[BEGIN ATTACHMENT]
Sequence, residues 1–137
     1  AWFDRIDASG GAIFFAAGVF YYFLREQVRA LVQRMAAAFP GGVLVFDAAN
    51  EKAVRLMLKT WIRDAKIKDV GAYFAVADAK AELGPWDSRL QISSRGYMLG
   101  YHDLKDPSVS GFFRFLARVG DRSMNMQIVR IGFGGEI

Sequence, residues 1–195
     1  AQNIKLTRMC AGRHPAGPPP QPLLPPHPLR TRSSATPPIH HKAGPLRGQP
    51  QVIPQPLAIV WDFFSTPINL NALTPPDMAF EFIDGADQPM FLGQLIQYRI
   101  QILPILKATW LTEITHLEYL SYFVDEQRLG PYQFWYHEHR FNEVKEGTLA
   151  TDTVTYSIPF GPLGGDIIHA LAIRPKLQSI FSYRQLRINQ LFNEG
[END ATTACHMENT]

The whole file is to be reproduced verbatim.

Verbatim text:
Sequence, residues 1–137
     1  AWFDRIDASG GAIFFAAGVF YYFLREQVRA LVQRMAAAFP GGVLVFDAAN
    51  EKAVRLMLKT WIRDAKIKDV GAYFAVADAK AELGPWDSRL QISSRGYMLG
   101  YHDLKDPSVS GFFRFLARVG DRSMNMQIVR IGFGGEI

Sequence, residues 1–195
     1  AQNIKLTRMC AGRHPAGPPP QPLLPPHPLR TRSSATPPIH HKAGPLRGQP
    51  QVIPQPLAIV WDFFSTPINL NALTPPDMAF EFIDGADQPM FLGQLIQYRI
   101  QILPILKATW LTEITHLEYL SYFVDEQRLG PYQFWYHEHR FNEVKEGTLA
   151  TDTVTYSIPF GPLGGDIIHA LAIRPKLQSI FSYRQLRINQ LFNEG